More or less, but yeah, definitely. The colonization of North America by the British did not have a necessarily negative impact on the natives, at least not from the beginning, and the relationship was mutually beneficial. Because Indians did not have a national government in the same sense as Europeans, they never would have chafed living side-by-side with the colonies. The initial process of colonizing the Americas was not in violation of N.A.P. since the Indians consented to it and enjoyed the benefits of it. The same could not be said for later actions, hitting its worst level under persecution by Union military (not making a point about North/South relations, just stating a fact).

I'm less knowledgable about the same tactics used in China, India, and South Africa. It appears to me that British actions in at least India and China were deceptive from the outset with Chinese actions functioning as a domestic response to an invader. China and India both had functioning government and had nothing to gain from British interference--although India did manage to turn things around and establish a positive relationship with UK (ok, maybe it was the British that had to see the error of their ways, but whatever).

The_Walrus wrote:
Point 2) in isolation would seem acceptable. Border restrictions are largely violations of the NAP (with some limited exceptions like keeping out violence and disease). People should be allowed to live where they want. However, when it is combined with Point 1, this seems to be a way of consolidating control over a country. We have seen this prominently in, for example, British colonisation of Ireland, British colonisation of Australia, American “manifest destiny”, Chinese colonisation of Tibet, and Russian colonisation of Crimea.

I agree that people should be allowed to live where they like, and the advantage to any country is that they can attract the best talent and most productive workers. Without giving ex-NAZIS a new lease on life, the US never would have had a space program and all the technical innovation that goes with it. The moon shot was never about the moon, but the technical advancement that it took to get there. The computer I'm typing this on is more advanced than Apollo mission computers. The intellectual and technological health of a nation can only be improved with the free movement of people and ideas. And I bet you'd see drastic improvements in foreign policy once governments began competing for citizens.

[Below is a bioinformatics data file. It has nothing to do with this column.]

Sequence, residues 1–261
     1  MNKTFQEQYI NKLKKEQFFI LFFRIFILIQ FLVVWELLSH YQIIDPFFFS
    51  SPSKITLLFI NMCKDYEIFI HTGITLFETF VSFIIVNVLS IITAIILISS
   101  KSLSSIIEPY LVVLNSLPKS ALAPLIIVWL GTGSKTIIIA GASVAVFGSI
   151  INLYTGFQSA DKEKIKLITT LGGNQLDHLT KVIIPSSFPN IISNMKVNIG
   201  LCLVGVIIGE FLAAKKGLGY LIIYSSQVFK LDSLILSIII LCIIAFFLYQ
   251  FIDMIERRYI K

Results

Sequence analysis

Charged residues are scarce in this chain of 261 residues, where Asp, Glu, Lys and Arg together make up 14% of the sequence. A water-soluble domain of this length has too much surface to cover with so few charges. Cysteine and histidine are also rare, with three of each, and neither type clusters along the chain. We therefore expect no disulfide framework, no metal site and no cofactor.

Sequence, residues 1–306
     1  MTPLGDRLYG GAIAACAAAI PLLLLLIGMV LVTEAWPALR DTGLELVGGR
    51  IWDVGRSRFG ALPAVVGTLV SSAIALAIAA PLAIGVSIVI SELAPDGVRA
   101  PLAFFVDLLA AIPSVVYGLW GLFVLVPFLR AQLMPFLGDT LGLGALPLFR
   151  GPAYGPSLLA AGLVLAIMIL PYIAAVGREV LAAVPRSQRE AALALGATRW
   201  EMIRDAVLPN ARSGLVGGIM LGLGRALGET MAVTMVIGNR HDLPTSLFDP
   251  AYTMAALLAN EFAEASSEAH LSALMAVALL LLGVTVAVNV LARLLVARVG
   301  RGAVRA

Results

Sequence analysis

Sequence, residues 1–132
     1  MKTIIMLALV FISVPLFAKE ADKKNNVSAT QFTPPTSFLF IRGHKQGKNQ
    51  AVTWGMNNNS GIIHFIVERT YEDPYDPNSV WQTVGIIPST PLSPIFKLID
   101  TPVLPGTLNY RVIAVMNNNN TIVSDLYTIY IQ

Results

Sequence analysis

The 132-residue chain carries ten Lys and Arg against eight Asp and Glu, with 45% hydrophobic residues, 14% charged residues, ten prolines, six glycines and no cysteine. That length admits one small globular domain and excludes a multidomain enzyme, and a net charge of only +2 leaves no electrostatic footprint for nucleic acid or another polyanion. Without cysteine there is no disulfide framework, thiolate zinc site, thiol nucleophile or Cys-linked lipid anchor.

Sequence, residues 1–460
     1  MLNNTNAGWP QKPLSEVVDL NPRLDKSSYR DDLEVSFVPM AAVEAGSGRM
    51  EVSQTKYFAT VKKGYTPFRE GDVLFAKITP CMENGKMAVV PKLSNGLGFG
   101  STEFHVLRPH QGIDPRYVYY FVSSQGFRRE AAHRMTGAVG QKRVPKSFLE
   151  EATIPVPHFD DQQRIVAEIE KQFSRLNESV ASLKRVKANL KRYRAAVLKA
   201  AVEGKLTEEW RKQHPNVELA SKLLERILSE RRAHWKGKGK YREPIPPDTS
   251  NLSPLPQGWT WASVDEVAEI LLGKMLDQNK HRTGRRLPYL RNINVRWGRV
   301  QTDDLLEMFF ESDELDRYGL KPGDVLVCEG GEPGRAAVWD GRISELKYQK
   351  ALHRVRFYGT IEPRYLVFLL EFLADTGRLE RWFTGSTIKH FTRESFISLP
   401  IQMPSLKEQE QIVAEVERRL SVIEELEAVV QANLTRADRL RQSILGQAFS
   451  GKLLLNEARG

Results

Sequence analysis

The_Walrus wrote:
Point 3, economic exploitation, is tricky, because you have to define “economic exploitation”. The Marxist definition that all economic activity is exploitative if anyone makes a profit seems inadequate and would be rejected by Objectivists. Similarly, “exploitation” can simply mean “use”, but I feel like the term in this sense is intended to be pejorative - we would not argue that free trade exploits people. I would suggest that economic exploitation involves theft, coercion, force, or rent seeking. Theft, coercion, and force are objectionable to the Objectivist, and rent seeking might be if only they knew what it was. In the context of colonisation, I would say that things such as slavery, extraction of resources without compensation, lies about the value of goods, land theft, and forced trade would all be exploitative and objectionable to Objecivists.

Agreed.

The_Walrus wrote:
There is currently a school of thought among far-left activists that all military intervention, all trade, and all capitalism is inherently colonialism. This is of course nonsense, and if the far-left decides to push these definitions then they shouldn’t be surprised when most people (including Objectivists) conclude that colonialism is not inherently bad.